This machine, which uses regular Columbia components, dates to 1909 or later. It was known in the trade as a "scheme" machine, which meant that the machine was featured in a promotion: in this case, you bought goods from your local merchant and received coupons which could be redeemed toward a free talking machine.
The catch was that the records only fit a proprietary, oversize spindle, and so the purchaser was locked into the purchase of the special records.
The golden oak cabinet and colorful red decal are quite nice on this example. There is quite a bit of typical, nice weathering on the blue horn.
I have gone through the motor, re-greased the mainspring, etc. I replaced two bad brass gears in this motor. In addition, I replaced the turntable drive gear which is always problematic in Columbia derivative machines such as this. The drive gear was working because it was slicked up with the old graphite grease. I could have doused it with more graphite, but after a while it would go bad on you, and the machine wouldn't run. Please keep in mind that all Columbia motors on this type of machine are going to require this type of maintenance, and that if you are looking at a machine like this on a venue such as ebay it is going to require work down the road, and sooner rather than later.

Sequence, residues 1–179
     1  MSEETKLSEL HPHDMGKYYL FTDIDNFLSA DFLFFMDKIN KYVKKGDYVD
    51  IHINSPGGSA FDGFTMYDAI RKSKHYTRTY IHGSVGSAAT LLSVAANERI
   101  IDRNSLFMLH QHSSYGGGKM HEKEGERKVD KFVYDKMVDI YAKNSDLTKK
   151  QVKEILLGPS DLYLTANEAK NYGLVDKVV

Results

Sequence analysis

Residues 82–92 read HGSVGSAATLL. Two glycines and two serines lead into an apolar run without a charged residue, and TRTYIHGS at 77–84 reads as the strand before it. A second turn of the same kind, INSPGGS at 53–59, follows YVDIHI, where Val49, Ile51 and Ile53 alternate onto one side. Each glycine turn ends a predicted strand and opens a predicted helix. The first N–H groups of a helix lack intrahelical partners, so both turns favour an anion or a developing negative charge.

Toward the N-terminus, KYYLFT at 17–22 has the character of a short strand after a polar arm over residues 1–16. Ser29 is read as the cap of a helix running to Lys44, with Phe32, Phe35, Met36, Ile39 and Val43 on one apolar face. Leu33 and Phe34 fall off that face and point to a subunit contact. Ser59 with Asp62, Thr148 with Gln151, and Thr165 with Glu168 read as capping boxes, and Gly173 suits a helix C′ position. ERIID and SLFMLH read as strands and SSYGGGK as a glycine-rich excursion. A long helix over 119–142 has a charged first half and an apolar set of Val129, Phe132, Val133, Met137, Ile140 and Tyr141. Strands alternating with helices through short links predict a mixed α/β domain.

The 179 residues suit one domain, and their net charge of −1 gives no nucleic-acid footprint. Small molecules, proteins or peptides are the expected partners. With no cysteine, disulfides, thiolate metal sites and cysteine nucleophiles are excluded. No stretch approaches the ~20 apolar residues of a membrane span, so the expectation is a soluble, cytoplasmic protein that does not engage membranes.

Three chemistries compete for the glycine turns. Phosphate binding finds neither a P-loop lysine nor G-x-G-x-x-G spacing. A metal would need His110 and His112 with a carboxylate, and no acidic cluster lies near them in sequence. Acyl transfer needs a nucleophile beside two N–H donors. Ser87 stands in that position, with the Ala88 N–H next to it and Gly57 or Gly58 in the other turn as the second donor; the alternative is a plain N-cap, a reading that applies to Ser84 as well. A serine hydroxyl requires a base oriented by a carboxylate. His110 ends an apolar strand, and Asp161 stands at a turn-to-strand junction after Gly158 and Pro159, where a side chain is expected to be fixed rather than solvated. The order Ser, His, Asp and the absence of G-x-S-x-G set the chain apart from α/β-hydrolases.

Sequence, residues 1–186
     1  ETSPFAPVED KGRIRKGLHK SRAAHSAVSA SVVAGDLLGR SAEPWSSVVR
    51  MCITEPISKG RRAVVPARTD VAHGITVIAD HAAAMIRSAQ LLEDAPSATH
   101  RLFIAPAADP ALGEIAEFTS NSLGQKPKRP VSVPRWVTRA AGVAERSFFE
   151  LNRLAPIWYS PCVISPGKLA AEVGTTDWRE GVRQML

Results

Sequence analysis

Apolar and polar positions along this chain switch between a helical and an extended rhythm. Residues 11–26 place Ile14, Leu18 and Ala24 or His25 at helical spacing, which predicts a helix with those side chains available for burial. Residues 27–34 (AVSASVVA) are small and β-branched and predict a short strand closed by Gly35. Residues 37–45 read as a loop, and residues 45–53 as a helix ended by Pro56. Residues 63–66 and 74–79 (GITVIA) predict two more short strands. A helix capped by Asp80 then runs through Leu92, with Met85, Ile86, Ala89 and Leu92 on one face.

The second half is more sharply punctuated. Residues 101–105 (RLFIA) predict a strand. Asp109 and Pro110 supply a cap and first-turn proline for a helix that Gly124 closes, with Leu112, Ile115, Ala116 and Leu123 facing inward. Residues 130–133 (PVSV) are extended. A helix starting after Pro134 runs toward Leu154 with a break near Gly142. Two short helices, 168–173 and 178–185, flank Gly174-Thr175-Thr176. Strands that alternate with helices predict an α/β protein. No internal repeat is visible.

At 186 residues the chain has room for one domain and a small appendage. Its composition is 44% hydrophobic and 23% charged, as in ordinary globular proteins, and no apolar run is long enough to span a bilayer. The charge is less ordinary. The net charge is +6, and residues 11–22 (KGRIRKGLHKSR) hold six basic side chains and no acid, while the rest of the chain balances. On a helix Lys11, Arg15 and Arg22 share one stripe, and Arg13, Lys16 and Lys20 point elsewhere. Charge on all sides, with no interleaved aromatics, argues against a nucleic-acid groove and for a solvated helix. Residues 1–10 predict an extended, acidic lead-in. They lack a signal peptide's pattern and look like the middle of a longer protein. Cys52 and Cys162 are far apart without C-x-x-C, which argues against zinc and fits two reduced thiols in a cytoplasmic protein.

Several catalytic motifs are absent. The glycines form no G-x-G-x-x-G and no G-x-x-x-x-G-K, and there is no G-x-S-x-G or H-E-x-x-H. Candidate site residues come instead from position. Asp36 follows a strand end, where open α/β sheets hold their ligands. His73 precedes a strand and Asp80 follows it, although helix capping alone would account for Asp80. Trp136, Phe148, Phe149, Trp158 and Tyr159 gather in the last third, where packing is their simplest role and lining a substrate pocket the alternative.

I have also rebuilt the reproducer on this machine.
The machine is now running properly. There is some typical rumble from the motor, not discernible under the record.
You usually don't receive a lot of the special records with these, but I have a bonus twenty records to give with this Standard Model A.
Buy this if you want an original funky machine of this era that you can demonstrate once in a while. If you are planning to listen to a lot of 78s this isn't your best choice, and I would instead recommend one of the outside horn Victors on our website.
We buy, sell, and repair antique phonographs and music boxes.
Pick-up and delivery possible in many parts of the midwest,south, and northeast.